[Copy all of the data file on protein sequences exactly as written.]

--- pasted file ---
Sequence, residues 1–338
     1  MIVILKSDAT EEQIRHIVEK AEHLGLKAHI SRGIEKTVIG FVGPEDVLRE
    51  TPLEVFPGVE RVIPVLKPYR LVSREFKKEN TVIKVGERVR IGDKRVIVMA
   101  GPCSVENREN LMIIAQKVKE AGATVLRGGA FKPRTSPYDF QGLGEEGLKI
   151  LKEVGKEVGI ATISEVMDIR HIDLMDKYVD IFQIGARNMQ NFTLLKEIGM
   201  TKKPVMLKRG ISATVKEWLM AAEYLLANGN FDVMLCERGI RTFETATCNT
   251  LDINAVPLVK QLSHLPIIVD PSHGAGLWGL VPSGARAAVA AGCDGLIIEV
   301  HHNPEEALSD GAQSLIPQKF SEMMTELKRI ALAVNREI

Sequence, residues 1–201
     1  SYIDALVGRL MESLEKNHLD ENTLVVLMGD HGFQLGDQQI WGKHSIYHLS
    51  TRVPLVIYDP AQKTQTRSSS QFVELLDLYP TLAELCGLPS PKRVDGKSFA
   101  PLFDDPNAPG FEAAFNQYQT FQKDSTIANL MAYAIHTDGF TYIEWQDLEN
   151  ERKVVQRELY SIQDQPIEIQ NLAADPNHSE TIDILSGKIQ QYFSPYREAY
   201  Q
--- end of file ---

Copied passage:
Sequence, residues 1–338
     1  MIVILKSDAT EEQIRHIVEK AEHLGLKAHI SRGIEKTVIG FVGPEDVLRE
    51  TPLEVFPGVE RVIPVLKPYR LVSREFKKEN TVIKVGERVR IGDKRVIVMA
   101  GPCSVENREN LMIIAQKVKE AGATVLRGGA FKPRTSPYDF QGLGEEGLKI
   151  LKEVGKEVGI ATISEVMDIR HIDLMDKYVD IFQIGARNMQ NFTLLKEIGM
   201  TKKPVMLKRG ISATVKEWLM AAEYLLANGN FDVMLCERGI RTFETATCNT
   251  LDINAVPLVK QLSHLPIIVD PSHGAGLWGL VPSGARAAVA AGCDGLIIEV
   301  HHNPEEALSD GAQSLIPQKF SEMMTELKRI ALAVNREI

Sequence, residues 1–201
     1  SYIDALVGRL MESLEKNHLD ENTLVVLMGD HGFQLGDQQI WGKHSIYHLS
    51  TRVPLVIYDP AQKTQTRSSS QFVELLDLYP TLAELCGLPS PKRVDGKSFA
   101  PLFDDPNAPG FEAAFNQYQT FQKDSTIANL MAYAIHTDGF TYIEWQDLEN
   151  ERKVVQRELY SIQDQPIEIQ NLAADPNHSE TIDILSGKIQ QYFSPYREAY
   201  Q